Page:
5. In a calculating machine having a keyboard containing ordinally arranged rows of keys, a register having ordinally arranged register assemblies, and power means, digitation mechanism comprising a set of ordinally arranged and substantially parallel register driving shafts, a set of parallel and spaced-apart power-driven shafts extending along said register driving shafts, intermeshing proportional gear trains including gears on said register driving shafts and gears on said power-driven shafts, key-operated clutches effective to selectively provide driving connections between one set of shafts and the gears thereon, the gears on the other set of shafts being drivingly connected thereto, a differential gear train interposed between each register driving shaft and its coordinal register assembly, said differential gear trains each including a gear normally locked against rotation, and tens-transfer means conditioned by said register assemblies and driven by power loaded spring means in a manner to advance the locked gear of the adjacent higher order differential gear train through tens-transferring rotational increments while said digitation mechanism is operating to enter a keyboard selected value in said register.
6. In a calculating machine including a keyboard having ordinally arranged rows of digit keys progressing from 1 to 9 in each row, a register having rotatable dial assemblies ordinally arranged, and a cyclically operable power means; digitation mechanism comprising a set of drive shafts parallel to said rows of keys driven by said power means, a set of ordinally arranged digitation shafts disposed substantially parallel to said drive shafts, series of intermeshing proportional gear trains arranged along said shafts and progressively proportioned to rotate said digitation shafts from one to nine increments of a rtation for each cycle of operation of said power means, each of said proportional gear trains including a gear journalled on a digitation shaft and a gear mounted on the corresponding power-driven shaft and drivenly connected thereto, key-operated clutches carried by said digitation shafts and effective to selectively drivingly connect the dial assembly driving shaft carried gears to the corre sponding shafts, a set of ordinally arranged dial assembly driving shafts, means for reversibly connecting said dial assemblies to said dial assembly driving shafts, a differential gear train for connecting each digitation shaft to its coordinal dial assembly driving shaft, and a tenstransfer mechanism operated by each lower order dial assembly passing through its transfer position for imparting additional rotation to the differential gear train of the adjacent higher order.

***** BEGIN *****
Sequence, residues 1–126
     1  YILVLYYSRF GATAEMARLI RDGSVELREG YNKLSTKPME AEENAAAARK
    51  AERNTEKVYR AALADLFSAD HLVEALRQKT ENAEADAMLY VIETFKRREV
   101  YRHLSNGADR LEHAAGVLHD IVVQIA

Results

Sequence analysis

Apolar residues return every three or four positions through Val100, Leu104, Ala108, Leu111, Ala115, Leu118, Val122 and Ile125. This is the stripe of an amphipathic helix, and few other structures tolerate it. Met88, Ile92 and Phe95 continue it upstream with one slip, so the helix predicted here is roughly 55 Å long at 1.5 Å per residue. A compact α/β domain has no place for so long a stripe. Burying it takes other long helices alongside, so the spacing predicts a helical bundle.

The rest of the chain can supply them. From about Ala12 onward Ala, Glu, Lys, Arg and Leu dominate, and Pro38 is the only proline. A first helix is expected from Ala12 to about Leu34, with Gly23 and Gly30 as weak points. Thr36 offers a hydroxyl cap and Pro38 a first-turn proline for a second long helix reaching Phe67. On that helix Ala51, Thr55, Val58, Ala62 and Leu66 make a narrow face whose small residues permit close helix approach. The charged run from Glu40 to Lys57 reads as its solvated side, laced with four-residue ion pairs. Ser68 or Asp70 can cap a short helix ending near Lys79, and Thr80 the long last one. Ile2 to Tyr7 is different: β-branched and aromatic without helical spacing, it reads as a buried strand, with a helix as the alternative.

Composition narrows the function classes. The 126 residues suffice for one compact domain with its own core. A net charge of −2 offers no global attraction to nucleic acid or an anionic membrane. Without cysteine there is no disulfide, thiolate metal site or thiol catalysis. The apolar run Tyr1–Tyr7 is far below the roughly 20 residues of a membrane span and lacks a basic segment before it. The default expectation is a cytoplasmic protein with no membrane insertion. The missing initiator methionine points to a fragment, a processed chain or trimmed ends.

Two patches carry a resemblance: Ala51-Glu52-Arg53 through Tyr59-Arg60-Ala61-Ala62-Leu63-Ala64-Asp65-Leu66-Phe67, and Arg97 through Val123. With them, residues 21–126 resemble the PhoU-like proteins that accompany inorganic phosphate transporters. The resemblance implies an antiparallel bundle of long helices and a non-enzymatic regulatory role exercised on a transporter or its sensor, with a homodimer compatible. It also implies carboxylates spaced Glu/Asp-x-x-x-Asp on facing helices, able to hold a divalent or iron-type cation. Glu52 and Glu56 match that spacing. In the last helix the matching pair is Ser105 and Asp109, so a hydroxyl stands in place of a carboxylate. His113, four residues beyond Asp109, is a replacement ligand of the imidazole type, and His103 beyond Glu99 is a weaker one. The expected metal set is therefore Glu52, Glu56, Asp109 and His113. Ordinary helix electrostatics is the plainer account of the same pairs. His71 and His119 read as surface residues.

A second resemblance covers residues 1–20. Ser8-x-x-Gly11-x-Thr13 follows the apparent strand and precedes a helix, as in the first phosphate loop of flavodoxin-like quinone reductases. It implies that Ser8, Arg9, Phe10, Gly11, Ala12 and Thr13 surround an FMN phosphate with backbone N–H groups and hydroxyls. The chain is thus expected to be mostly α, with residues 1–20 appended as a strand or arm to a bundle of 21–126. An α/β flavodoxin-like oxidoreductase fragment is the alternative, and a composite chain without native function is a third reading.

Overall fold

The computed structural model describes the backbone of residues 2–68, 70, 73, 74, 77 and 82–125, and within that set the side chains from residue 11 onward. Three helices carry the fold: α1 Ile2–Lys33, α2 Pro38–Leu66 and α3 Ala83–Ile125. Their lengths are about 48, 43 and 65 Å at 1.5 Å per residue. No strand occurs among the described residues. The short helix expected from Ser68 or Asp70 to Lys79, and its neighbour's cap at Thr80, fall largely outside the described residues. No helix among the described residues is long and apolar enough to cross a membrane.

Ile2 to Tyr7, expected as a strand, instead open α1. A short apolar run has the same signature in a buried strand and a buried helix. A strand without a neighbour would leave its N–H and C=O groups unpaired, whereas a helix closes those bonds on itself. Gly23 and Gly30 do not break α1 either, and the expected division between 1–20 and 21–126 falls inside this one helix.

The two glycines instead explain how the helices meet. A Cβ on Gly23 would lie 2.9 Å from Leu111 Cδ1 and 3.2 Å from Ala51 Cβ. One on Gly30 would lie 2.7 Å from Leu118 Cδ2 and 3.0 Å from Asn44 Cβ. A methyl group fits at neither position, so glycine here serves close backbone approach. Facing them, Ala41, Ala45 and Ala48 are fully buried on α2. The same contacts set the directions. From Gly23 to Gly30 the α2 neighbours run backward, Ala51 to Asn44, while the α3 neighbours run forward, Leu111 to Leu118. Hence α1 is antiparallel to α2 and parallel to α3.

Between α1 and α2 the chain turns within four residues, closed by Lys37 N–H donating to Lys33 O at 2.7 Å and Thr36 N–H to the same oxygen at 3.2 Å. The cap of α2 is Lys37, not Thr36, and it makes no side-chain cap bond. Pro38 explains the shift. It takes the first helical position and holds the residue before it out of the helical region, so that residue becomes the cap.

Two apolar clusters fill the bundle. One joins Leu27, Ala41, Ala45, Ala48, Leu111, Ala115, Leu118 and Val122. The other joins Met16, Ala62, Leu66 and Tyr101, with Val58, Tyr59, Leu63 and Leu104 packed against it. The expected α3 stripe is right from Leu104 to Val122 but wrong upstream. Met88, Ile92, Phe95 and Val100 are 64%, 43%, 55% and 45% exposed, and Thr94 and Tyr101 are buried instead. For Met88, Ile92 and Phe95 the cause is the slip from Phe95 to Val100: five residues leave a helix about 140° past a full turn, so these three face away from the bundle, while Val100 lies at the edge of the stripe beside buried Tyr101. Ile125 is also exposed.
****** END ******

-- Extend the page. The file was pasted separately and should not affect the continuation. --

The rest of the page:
7. In a calculating machine having a keyboard including ordinally arranged rows of movable digit keys, a register including rotatable dial assemblies ordinally arranged and each having tens-transfer actuating means, a main drive shaft, and power means effective to impart successive single rotation cycles of operation of said main drive shaft, digitation mechanism comprising a first set of ordinally arranged shafts disposed one shaft along each key row of said keyboard, a second set of shafts respectively disposed in longitudinal alignment with the shafts of said first set and severally effective to impart increments of rotational movement to the dial assemblies of the corresponding orders, a third set of shafts driven from said main drive shafts, proportional gear trains effective to provide driving connections of varying ratios between the shafts of said third set and the shafts of said first set of shafts, key-operated means effective to selectively enable said gear trains to impart to the shafts of said first set corresponding to the several key rows rotational increments of from one to nine unit spaces of rotation upon a single rotation of the shafts of said third set, differential devices connecting the aligned shafts of said first and second sets, shaft means connected to said differential mechanisms normally holding one side of each differential mechanism stationary, means biased by power-loaded springs to turn said shaft means in a direction to advance said differential units, and escapement means connected with said shaft means and each actuated by the dial assembly tens-transfer means of one order to free the shaft means of the next higher order for a single step advancement of the corresponding differential unit by the associated spring biased means.
8. In a calculating machine having a register including rotatable dial assemblies ordinally arranged and having tens-transfer actuating means enabled when the corresponding dial assembly passes through its 0 to 9 position, ordinally arranged digitation shafts, extension shafts respectively disposed in longitudinal alignment with said digitation shafts and differential units connecting said digitation shafts to the coordinal extension shafts and effective to transfer rotational movements of said digitation shafts to said dial assemblies, a tenstransfer mechanism comprising, a holding shaft extending along each extension shaft and connected to the adjacent side of the corresponding differential unit, a stub shaft for each holding shaft, power-loaded spring means constantly urging each stub shaft to rotate in a predetermined direction, a driving connection between each stub shaft and the corresponding holding shaft, a ratchet wheel on each stub shaft, and a rockable ratchet pawl disposed adjacent each ratchet wheel and effective when rocked by the tens-transfer means of the dial assembly of the next lower order to provide a one unit space escapement of the associated ratchet wheel and a consequent rotational advance of that side of the differential unit of the same order connected to the corresponding holding shaft.